42. I was looking for Linux DAWs and found this page mentions SoundBridge has Linux version, but I don’t see it on their website. Maybe it has changed?

    • You’re thinking of Waveform Pro trial. They also offer the previous version of the DAW completely for free.

  43. I know that this post is went up here for a few years now it is amazing to me that no one has mentioned N-Track studios at first the daw has some stability issues it will crash a lot but that was because I was just not tech savvy. you’re missing out great daw. it is vST host compatible it has a ton of preloaded sounds and it’s just an all around good machine

    • Has anyone tried Ntrack studio I have been using it for a while it has plenty of features and of course it has a pro upgrade but iam also using a HP chromebook with android 9 but my phone runs the same version so i can easily bounce from recording on my laptop then if I have spur moment ideas I can record on my phone then transfer to mixdown and master on my chromebook
      My man your correct and i can transfer between my phone for on the go then finish on my chromebook and I bought the pro version has fixed all of my stability issues and only spent thirty bucks ob the upgrade after using the free version which has a few things that were of course designed to piss the user off but that’s the world of today i guess no disrespect to anyone but iam sticking with Ntrack formerly nine track I believe and when I started I think it was 8track and was great for me to start on thanks guys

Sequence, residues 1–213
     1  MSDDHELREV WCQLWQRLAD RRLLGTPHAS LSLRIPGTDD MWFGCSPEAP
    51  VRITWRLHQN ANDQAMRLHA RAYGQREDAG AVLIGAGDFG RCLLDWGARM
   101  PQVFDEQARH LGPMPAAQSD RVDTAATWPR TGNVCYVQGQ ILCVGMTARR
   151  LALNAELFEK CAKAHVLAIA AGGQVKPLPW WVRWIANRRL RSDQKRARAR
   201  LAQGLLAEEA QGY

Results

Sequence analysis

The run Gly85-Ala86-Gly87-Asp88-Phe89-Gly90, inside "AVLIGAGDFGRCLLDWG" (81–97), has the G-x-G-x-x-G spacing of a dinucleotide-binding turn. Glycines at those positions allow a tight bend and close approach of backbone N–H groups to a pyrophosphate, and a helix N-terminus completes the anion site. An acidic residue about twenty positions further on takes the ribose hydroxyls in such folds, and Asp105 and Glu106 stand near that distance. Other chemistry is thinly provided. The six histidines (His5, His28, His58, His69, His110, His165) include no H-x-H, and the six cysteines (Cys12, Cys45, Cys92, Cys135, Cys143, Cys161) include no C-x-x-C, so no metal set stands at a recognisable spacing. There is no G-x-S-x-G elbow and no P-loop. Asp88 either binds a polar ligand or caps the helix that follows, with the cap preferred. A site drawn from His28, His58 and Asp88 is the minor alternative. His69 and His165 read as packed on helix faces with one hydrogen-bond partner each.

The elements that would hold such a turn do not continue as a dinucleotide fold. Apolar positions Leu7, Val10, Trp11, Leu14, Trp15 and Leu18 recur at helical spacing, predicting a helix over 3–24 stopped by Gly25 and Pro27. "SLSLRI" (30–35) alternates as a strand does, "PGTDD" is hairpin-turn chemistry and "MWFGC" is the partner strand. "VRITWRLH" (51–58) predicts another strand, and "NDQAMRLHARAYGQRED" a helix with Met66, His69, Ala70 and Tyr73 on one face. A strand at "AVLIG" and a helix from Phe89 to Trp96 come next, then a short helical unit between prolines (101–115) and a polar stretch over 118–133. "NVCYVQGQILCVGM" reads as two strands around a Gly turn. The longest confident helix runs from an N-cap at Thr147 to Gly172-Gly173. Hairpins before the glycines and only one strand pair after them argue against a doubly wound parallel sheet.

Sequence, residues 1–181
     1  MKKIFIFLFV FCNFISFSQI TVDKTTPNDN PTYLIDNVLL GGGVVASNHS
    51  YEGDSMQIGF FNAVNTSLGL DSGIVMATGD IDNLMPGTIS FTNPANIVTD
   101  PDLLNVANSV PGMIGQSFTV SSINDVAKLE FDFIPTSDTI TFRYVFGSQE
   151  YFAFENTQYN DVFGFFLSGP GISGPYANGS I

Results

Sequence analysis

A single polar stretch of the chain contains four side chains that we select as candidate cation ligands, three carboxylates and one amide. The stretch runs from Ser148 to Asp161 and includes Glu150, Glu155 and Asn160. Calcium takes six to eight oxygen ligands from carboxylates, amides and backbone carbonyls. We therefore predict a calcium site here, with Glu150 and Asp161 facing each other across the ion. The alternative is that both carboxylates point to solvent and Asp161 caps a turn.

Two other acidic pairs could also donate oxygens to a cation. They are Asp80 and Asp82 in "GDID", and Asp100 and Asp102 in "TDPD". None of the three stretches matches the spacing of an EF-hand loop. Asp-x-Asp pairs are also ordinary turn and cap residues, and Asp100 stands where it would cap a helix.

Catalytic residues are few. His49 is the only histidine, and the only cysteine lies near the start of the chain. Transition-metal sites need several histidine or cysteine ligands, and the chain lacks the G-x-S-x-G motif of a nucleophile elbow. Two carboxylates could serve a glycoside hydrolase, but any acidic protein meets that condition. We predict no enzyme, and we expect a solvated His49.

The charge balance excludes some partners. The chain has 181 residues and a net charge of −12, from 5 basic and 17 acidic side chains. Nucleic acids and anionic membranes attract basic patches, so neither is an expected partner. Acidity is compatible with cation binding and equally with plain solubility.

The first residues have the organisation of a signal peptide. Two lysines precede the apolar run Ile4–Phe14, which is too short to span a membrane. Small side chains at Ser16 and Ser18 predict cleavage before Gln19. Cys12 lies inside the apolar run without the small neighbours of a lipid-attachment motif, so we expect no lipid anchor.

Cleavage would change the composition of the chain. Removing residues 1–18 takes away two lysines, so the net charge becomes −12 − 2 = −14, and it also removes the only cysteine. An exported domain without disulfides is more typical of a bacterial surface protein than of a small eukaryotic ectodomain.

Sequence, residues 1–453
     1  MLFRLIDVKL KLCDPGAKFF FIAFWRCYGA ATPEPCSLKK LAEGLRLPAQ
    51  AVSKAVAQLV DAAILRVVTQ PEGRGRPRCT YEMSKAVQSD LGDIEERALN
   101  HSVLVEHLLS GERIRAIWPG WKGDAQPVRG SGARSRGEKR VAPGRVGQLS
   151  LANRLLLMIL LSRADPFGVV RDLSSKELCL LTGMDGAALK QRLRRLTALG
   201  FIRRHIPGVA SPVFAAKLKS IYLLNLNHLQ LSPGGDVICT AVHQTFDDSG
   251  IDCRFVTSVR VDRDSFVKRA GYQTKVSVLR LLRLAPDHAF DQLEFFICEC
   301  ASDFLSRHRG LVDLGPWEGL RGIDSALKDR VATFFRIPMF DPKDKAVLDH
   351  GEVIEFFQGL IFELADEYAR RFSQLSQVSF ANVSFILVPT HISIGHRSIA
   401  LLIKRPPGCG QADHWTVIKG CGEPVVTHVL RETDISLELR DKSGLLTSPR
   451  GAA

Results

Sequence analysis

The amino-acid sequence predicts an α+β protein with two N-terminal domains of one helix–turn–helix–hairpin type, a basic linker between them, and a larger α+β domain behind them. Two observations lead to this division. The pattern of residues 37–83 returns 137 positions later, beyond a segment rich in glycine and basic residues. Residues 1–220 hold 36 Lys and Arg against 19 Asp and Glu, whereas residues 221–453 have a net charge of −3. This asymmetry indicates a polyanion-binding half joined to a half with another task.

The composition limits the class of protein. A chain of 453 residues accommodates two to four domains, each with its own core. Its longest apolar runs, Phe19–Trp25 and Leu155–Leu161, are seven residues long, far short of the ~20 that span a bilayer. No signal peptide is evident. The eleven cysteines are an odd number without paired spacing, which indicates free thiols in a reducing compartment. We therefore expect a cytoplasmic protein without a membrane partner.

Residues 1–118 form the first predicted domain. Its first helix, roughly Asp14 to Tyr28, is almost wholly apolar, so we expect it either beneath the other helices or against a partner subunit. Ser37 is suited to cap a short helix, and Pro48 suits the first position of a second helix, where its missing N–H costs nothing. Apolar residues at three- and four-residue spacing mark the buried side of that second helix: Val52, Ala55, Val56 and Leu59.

44. Hey!
    Thanks for the amazing post!
    Just wanted to let you know that Bandlab now allows the direct download of Cakewalk without the need to install Bandlab Assistant.

  45. just-a-loop


    I tried out Cakewalk for a few months now and my experience so far is that it’s a nice and stable DAW to work with.

    • Bonjour . je confirme Cakewalk fontionne trait bien , je l’utilise mintenant de puis sa gratuité en 2018 , il est tous simplement génial .
      La plus part de mais compos sont crées avec des plugins gratuit VST 2 , VST3 que je trouve sur le net et il y an n’a baucout .

  46. What about Reaper? I think cockos Reaper should definitely should have been mentioned, since its 100% free unlimited tracks 3rd party plug ins accepted to use plus comes with a arsenal of stock plugins not to mention you can customize pretty much every aspect of the Daw to for the way you like and your workflow its the best I feel by far

  47. kann nur eins sagen mich nervt die ständige meldung bei waveform das sie im demo modus läuft, deshalb fliegt sie kann schnell wieder vom rechner, und mache meine alte tracktion 7 version wieder drauf.

  48. Hey thanks for the post,

    I want to try and edit together some music mixes (i.e. multiple existing songs together in a continuous mix, not mixing like producing a song). I don’t plan on doing any live DJ’ing though. Do you have any recommendation what software is best for that?

  49. wesley hayden